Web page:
Paper - Development of the spinal reflex mechanism in human embryos

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Windle WF. and Fitzgerald JE. Development of the spinal reflex mechanism in human embryos. (1937) J. Comp. Neural. 493-509.

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This historic 1937 paper by Windle describes early human neural development.

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Development Of The Spinal Reflex Mechanism In Human Embryos

William F. Windle And James E. Fitzgerald

Departments of Anatomy and Obstetrics, Northwestern University Medical School


Aided by grants from The National Research Council and The American Academy of Arts and Sciences.

(Accepted for publication April 12, 1937)


So many details of structure of the human spinal cord are known that one might hesitate to choose this part of the nervous system for further investigation. However, upon examining the literature on anatomic interneuronal connections it soon becomes evident that much remains to be discovered. Specifically, the embryological approach to questions concerning functional reflex mechanisms in man has not received sufficient attention. Several articles dealing with correlated anatomical and physiological observations of reflex pathways in the chick, rat and cat have come from this laboratory (Windle, ’34; Windle and Orr, ’34; Windle and Baxter, ’35). It has been shown that although there are significant differences among these animals, -the fundamental plan of development of the first spinal reflex connections is similar. We propose to describe development of the spinal cord of human embryos between 5 and 8 weeks old and to discuss it in the light of the few physiologic observations available.

Twenty-seven human embryos between 5 and 8 weeks old were prepared by the pyridine silver method. Of this number, fourteen are usable but only eight are well stained. The specimens studied are listed in table 1. Two factors led to failure to obtain a greater number of good results with the staining method so successfully applied to other embryos. Specimens recovered after spontaneous abortion or from ruptured uterine tubes were dead when fixed in the ammoniated alcohol. Even though this fact was not evident from gross examination, the spinal cords show effects of autolysis. A few others were improperly fixed at the time they were removed. In every instance in which an embryo was recovered alive, separated from membranes and placed immediately into fresh 2% amrnoniated alcohol, a good silver stain resulted. A few of the preparations rival the best of our subhuman embryos.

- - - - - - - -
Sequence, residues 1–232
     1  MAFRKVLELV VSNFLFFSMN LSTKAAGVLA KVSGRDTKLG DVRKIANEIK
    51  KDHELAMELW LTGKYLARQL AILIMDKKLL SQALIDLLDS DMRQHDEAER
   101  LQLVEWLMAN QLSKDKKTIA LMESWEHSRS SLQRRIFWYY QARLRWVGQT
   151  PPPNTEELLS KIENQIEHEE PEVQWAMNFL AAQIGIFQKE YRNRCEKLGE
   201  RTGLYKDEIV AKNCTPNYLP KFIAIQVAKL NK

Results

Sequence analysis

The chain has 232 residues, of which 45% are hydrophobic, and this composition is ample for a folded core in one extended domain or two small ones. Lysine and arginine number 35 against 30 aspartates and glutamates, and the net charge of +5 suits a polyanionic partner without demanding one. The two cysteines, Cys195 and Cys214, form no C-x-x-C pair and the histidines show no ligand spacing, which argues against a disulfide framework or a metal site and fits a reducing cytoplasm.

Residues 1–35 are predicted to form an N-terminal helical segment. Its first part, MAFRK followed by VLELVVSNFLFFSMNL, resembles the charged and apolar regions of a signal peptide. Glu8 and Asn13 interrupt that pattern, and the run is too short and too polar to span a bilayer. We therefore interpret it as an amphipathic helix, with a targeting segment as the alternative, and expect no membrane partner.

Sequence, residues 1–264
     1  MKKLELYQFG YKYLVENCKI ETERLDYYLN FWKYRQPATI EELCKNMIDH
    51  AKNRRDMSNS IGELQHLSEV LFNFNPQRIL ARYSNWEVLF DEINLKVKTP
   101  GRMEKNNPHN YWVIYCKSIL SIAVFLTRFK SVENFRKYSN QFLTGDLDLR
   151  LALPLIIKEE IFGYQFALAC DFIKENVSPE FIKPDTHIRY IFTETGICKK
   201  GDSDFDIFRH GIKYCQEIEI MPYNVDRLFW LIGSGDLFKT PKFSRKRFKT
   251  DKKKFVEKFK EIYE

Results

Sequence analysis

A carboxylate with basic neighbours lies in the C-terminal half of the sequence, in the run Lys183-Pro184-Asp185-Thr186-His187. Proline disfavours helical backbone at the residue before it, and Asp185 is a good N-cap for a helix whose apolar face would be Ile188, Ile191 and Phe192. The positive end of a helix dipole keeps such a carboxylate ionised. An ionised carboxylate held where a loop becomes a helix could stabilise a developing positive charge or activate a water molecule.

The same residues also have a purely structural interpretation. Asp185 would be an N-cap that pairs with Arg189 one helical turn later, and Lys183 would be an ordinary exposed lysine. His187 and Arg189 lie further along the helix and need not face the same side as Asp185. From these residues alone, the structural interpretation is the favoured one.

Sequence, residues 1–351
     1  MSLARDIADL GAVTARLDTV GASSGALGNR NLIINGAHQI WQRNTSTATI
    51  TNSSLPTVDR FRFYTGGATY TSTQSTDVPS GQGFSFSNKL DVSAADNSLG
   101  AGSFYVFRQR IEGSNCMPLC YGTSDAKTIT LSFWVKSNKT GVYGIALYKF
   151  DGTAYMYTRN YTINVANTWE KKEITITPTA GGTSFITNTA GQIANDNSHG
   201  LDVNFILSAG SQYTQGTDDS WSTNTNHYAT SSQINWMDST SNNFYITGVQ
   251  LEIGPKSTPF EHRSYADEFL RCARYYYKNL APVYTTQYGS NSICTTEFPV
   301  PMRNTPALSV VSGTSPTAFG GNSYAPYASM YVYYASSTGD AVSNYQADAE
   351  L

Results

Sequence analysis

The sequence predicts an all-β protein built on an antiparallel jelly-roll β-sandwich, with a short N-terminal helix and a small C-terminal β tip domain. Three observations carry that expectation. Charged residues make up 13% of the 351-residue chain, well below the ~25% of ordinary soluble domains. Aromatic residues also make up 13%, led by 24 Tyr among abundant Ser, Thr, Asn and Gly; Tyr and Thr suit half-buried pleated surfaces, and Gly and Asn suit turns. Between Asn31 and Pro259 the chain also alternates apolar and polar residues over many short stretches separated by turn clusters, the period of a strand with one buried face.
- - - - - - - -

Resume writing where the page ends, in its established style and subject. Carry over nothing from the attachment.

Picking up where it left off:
Table 1

Human embryos studied

i DAYS AFTER ‘ "‘§5‘.”‘ 1MSc‘§§i’i§‘fi.LR”.‘c'.1 gggggggg; A’i5‘c“:‘?J£i"5i’i'é’a HOW OBTAINED I

693 ’ 7 14 or 42 5+ l Ectopic

713 10 49 6 Hysterectomy

733 12 43 6+ Ectopic

389 12 “.3 6 + Curettement

698 16 64 1, 7 ‘ Ectopic

731 18 g 47’ E 7 Hysterectomy

725 18 58 7 3 Hysterectomy

766 3 18 55 7 ‘ Therapeutic abortion 712 20 68 7+ Hysterectomy

736 2 1 “Z 7 + Hysterectomy

683 1 23 49 8— T Curettement

738 23 7 8—— ‘ Spontaneous abortion 717 3 23 7 ~ 8—_ Ruptured ectopic

743 5 24 l 66 8 Hysterectomy (local anesthetic)

1 Size is approximate based usually upon measurements taken in reagents during the preparation of the material for sectioning. 2 Number of days after a single intercourse. 3Age is estimated from external morphology.

Structure of the Spinal Cord

Fifth Week

The spinal cord of embryo 693 is exceptionally well stained by the silver reduction method. Its structure resembles that of the 7-mm. cat very closely. A gradient of development from rostral to caudal ends of the cord is clearly indicated in figures 9, 5 and 4; the greatest number of well developed structures are found in the cervical segments.

The ventral motor nucleus occupies a column in the mantle layer of the basal plate. Within this nucleus, neuroblasts are arranged at right angles to the long axis of the cord. The caudal end of the column contains a great many spindle-shaped cells with new axons growing out but the rostral end is composed principally of more mature unipolar neuroblasts and a few which are forming their first dendrons. This indicates that development began at the rostral end. Axons of most cells of the motor column pass out of the spinal cord in ventral root fascicles and enter into the formation of spinal nerves which pass some distance into the mesenchyme. The nerves of the lumbar regions are shorter than those in the cervical and upper thoracic. A few axons of cells in the motor column emerge in rootlets of the spinal accessory nerve, observed as far caudad as the junction of the seventh and eighth spinal segments (fig. 5). No dorsal root motor fibers were found at any level.